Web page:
Original ; while Adam took no thought,
Eating his fill, nor Eve to iterate
Her former trespafs fear'd, the more to footh
Him with her lov'd societie, that now
As with new wine intoxicated both
They fwim in mirth, and fanfie that they feel
Divinitie within them breeding wings
Wherewith to scorn the earth : but that falfe fruit
Far other operation first displai'd,
Carnal desire enflaming, he on Éve
Began to cast lascivious eyes, the him
As wantonly repai'd ; in luft they burn :
Till Adam thus 'gan Eve to dalliance move.
Eve, now I see thou art exact of taste,
And elegant, of sapience no small part,
Since to each meaning favour we apply,
And palate call’d judicious ; I the praise
Yield thee, so well this day thou hast purvey'd.
Much pleasure we have lost, while we abstain'd
From this delightful fruit, nor known till now.
True relish, tasting ; if such pleasure be
In things to us forbidden, might be with’d,
For this one tree had been forbidden ten,
But come, so well refreth't, now let us play,
As meet is, after such delicious fare ;.
For never did thy beautie since the day
I saw thee first and wedded thee, adorn'd.
With all perfections, fo enflame my sense
With ardor to enjoy thee, fairer now
Than ever, bountie of this vertuous tree,
So said he, and forbore not glance or toy
Of amorous intent, well understood
Of Eve, whose eye darted contagious fire.
Her hand he seis'd, and to a shadie bank,
Thick overhead with verdant roof imbowr'd
He led her nothing loath"; flours were the couch,.,
Pansies, and violets, and asphodel,
And hyacinths, earth's freshest softest lap.
There they their fill of love and loves disport
Took largely, of their mutual guilt the seale,.,
The solace of their fin, till dewie seep
Oppress'd them, wearied with their amorous play.
Soon as the force of that fallacious fruit,
That with exhilerating vapour bland
About their spirits had plaid, and inmost powers
Made err, was now. exhald, and groffer sleep..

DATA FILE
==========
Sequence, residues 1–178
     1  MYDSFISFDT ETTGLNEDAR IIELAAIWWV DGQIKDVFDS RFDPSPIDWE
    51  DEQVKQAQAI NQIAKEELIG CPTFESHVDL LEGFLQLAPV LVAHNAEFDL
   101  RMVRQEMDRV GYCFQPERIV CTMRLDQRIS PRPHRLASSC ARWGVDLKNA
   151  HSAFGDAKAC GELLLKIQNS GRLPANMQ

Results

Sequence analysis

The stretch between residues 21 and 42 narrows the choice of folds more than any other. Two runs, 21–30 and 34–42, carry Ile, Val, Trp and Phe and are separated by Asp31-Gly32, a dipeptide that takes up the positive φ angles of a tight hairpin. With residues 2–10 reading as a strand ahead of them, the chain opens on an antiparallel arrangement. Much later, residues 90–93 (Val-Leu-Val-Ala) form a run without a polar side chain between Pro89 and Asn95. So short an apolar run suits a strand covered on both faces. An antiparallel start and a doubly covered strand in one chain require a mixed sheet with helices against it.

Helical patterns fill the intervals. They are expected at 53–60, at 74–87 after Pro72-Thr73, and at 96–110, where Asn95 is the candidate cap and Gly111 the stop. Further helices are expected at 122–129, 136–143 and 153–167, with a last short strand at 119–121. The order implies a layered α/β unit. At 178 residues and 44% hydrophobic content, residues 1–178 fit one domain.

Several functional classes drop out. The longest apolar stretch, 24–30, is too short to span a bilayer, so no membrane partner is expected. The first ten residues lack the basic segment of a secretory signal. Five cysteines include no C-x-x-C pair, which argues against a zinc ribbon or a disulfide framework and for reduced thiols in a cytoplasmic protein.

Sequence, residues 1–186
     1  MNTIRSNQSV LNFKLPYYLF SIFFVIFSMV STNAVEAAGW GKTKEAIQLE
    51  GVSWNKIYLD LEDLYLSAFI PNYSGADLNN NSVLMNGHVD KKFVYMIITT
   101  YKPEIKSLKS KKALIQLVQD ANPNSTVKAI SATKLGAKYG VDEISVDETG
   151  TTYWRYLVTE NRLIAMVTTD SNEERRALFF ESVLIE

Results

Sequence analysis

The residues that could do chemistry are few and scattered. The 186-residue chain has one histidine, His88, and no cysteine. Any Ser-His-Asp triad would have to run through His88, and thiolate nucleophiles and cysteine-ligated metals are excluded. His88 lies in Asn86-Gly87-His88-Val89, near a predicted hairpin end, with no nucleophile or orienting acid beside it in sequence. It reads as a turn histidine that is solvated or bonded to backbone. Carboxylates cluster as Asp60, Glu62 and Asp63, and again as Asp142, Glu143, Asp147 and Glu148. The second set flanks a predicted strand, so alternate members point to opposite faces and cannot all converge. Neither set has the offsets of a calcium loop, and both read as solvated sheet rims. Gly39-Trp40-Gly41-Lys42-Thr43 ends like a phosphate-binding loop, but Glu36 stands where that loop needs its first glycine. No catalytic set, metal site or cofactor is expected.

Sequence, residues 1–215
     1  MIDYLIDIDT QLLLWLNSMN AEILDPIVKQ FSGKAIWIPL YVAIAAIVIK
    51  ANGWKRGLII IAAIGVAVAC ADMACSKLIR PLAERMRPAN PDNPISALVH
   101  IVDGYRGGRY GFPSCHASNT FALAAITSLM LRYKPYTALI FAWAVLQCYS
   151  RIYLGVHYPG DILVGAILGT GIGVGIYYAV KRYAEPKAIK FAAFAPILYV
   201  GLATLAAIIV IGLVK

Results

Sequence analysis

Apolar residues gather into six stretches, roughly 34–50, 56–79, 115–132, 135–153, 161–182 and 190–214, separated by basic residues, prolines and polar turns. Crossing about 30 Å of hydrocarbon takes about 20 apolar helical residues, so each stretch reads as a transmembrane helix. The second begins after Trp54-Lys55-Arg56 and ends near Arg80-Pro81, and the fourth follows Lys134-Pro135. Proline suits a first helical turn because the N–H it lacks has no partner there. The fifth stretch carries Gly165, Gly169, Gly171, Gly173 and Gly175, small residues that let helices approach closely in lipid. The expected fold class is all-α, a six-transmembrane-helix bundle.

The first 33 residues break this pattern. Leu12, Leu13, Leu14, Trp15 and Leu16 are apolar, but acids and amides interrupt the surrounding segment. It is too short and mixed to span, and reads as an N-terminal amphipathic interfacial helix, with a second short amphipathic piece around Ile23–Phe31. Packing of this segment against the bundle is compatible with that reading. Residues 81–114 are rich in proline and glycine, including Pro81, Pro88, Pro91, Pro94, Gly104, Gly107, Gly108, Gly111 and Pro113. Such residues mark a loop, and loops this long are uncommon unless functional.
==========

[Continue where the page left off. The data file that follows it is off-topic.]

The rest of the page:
Bred of unkindly fumes, with conscious dreams)
Encumber'd, now had left them, up they rose
As from unrest, and each the other viewing,
Soon found their eyes now op'n'd, and their minds
How dark’n’d; innocence, that as a veile
Had fhadow'd them from knowing ill, was gone,
Just confidence, and native righteousnefs,
And honour from about them, naked left”>
To guiltie shame he cover'd, but his robe
Uncover'd more. So rose the Danite strong
Herculean Samson' from the harlot lap
Of Philisteán Dalilah, and wak'd
Shorn of his strength, they destitute and bare
Of all their vertue : filent, and in face
Confounded long they sate, as struck'n mute,
Till Adam, though not less than Eve abalht,
At length gave utterance to these words constrain'd.
O Eve, in evil hour thou didnt give ear
To that false worm, of whomsoever taught
To counterfeit man's voice, true in our fall,
False in our promis'd rising; since our eyes
Op'n'd we find indeed, and find we know
Both good and evil, good loft, and evil got,
Bad fruit of knowledge, if this be to know,
Which leaves us naked thus, of honour void,
Of innocence, of faith, of puritie,
Our wonted ornaments now soild and stain'd,
And in our faces evident the signs
Of foul concupiscence; whence evil store ;
Even Thame, the last of evils ; of the first
Be sure then. How shall I behold the face